The Judiciary

Part 1-

First, read a news story from the newspaper or the Internet.  Answer the following questions regarding your news story: 1) What is the main issue, who are the main actors being discussed;

Second, choose one of the assigned articles you read for this week.  Answer the following questions regarding the assigned article: 1) What are the basics of this article (who, what, when, how, why, etc.);  2) What is the overall main point the author is trying to convince you of?  3) Do you agree with the author’s argument?  Why?  Why not?

Finally, tie together your news story with what you learned from the assigned article, textbook readings, podcasts, videos, etc. for this week.  Type your answers using your own words, no outline or bullets, complete sentences and paragraphs, single-spaced, full-page.

Part 2-

This week we discussed the many roles a president of the United States must play (Chief of State, party leader, Chief Executive, national opinion leader, etc.).

This spring, President Trump gave an address to the nation regarding the Corona-virus.  I would like you to put on your political scientist hat and watch the attached video of his address.  Tell me what you see and hear that shows you he is playing the many roles of a president. Please keep your political views to yourself and simply analyze what you see and hear in the video.

Trump Addresses The Nation On Coronavirus From Oval Office | NBC News (Live Stream)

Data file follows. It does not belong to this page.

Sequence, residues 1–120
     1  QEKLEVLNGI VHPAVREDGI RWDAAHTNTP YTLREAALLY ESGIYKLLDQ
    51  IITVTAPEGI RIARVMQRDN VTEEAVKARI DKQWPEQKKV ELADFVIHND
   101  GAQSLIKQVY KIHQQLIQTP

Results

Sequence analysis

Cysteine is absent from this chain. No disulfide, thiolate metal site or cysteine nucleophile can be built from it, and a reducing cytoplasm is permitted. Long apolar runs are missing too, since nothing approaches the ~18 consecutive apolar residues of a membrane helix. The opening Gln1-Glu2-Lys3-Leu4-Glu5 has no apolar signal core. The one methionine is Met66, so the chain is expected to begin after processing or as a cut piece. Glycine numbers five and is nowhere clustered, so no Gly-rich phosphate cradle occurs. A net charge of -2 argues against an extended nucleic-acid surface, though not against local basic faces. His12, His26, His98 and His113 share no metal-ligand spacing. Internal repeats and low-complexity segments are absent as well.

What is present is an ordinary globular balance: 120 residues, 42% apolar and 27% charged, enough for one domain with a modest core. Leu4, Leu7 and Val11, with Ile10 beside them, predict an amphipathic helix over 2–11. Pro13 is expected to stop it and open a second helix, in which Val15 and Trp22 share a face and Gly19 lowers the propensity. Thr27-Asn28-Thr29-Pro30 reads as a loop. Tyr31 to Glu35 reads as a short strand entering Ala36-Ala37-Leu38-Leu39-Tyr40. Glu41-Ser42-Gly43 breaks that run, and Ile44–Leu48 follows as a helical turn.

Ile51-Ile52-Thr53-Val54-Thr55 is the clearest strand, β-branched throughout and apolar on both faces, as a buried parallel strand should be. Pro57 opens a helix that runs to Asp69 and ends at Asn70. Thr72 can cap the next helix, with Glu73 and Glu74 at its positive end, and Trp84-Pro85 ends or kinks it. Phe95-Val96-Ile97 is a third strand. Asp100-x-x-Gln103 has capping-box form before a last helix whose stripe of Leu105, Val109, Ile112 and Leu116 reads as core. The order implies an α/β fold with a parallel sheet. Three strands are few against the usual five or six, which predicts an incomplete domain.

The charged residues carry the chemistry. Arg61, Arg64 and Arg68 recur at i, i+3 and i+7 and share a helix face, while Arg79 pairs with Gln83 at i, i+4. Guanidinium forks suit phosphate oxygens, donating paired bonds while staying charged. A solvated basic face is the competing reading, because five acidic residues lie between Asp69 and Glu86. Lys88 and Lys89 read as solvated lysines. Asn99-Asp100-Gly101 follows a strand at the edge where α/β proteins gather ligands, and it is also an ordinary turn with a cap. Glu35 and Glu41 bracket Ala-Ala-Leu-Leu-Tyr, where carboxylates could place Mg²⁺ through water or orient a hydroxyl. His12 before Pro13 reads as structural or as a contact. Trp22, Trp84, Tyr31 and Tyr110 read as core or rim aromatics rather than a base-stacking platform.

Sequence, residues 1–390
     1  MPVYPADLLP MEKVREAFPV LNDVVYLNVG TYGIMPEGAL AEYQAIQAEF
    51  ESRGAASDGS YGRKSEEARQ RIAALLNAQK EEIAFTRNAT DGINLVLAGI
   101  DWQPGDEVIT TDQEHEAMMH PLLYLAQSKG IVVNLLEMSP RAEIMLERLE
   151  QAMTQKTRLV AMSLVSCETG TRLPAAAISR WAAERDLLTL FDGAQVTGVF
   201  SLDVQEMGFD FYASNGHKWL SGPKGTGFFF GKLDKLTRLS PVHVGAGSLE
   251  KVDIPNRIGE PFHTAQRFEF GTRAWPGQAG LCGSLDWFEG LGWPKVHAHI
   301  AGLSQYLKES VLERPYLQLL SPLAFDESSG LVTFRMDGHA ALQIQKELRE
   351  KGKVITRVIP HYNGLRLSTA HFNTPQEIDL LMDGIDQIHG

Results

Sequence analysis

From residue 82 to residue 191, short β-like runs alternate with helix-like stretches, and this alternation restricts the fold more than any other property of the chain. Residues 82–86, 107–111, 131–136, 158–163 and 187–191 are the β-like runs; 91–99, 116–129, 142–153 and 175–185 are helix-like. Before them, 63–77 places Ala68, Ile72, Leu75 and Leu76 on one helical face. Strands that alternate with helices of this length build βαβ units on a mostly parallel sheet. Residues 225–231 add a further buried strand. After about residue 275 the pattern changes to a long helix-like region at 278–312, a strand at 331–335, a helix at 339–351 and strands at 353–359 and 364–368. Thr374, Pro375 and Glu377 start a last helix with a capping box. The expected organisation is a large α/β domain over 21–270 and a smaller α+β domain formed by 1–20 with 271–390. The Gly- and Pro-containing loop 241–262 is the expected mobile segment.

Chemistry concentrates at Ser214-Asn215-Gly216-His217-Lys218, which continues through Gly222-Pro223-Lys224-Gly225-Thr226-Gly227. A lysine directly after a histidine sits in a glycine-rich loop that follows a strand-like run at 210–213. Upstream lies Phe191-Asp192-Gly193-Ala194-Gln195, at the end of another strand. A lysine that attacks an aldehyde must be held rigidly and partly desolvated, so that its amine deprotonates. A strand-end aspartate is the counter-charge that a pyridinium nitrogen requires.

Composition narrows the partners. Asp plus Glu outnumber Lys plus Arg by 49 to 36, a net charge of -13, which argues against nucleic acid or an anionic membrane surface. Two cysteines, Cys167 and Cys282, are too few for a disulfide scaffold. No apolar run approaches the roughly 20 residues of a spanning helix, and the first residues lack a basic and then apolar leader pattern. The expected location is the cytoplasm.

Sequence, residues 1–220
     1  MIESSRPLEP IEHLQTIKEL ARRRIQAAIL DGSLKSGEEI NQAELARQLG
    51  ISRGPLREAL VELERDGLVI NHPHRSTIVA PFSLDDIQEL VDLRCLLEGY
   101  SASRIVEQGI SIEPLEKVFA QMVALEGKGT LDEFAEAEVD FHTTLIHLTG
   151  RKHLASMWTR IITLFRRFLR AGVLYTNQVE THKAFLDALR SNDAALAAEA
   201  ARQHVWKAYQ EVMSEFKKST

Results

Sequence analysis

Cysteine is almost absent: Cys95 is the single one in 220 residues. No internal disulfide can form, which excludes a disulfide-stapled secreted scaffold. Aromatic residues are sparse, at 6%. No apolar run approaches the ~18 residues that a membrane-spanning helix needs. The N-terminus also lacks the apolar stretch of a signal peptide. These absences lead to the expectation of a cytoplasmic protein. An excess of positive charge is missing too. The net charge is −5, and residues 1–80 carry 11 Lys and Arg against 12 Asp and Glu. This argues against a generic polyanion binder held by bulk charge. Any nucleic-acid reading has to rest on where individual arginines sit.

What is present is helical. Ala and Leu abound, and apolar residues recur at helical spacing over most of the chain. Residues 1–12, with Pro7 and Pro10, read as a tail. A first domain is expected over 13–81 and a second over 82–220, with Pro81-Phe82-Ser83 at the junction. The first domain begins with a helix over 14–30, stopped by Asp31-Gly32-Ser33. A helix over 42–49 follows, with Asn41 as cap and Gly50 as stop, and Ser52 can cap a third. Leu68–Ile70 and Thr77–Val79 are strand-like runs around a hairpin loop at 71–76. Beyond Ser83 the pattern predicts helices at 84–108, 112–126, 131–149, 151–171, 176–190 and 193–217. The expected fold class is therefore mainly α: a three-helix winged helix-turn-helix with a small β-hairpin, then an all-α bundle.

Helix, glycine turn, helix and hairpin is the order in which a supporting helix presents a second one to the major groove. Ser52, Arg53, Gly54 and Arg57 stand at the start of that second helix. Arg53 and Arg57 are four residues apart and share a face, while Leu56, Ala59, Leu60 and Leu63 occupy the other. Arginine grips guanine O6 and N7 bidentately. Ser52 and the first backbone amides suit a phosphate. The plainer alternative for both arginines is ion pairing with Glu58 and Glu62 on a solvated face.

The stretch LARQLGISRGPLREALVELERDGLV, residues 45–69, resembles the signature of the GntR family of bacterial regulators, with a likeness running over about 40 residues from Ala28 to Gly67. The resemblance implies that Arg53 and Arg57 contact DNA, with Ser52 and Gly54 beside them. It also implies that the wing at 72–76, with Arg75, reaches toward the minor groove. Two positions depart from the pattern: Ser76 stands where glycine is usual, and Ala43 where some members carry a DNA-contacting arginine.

10/15/2018 America’s highest court needs term limits – The Supreme Court 1/8

The Supreme Court

America’s highest court needs term limits

Deepening partisanship is bad for the court and bad for America

Sep 15th 2018

Print edition | Leaders

THE judiciary, wrote Alexander Hamilton in Federalist Paper 78, “may truly be said

to have neither FORCE nor WILL, but merely judgment…[It] is beyond comparison

the weakest of the three departments of power.” For much of American history,

politicians saw the Supreme Court as a backwater. John Rutledge, one of the �rst



10/15/2018 America’s highest court needs term limits – The Supreme Court 2/8

justices appointed by George Washington, resigned to become chief justice of

South Carolina. Not until 1935 did the court have a building of its own. Today it

occupies a central and increasingly untenable position in American life (see


The centrality stems largely from gridlock. As Congress has grown incapable of

passing laws involving even straightforward political trade-o�s, power has �owed

to the executive and judicial branches. Political questions best settled by the ballot

box—about abortion, for instance, or gay marriage—have become legal ones settled

by nine unelected judges.


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The untenability stems from the court’s growing partisanship. It was not always

thus. Republican presidents appointed three of the 20th century’s greatest liberal

jurists—Earl Warren, William Brennan and Harry Blackmun—as well as Anthony

Kennedy, the recently retired “swing vote”. But today the court’s four conservative

justices were all appointed by Republican presidents, the four liberals by

Democratic ones. The nomination process has grown ever more poisonous.

Like a bar �ght, it is hard to be sure who started it, but each punch leads to

retaliation. Republicans point to Democratic tactics during the hearing for Robert

Bork, a Reagan nominee. Democrats are the victims of the most recent blow—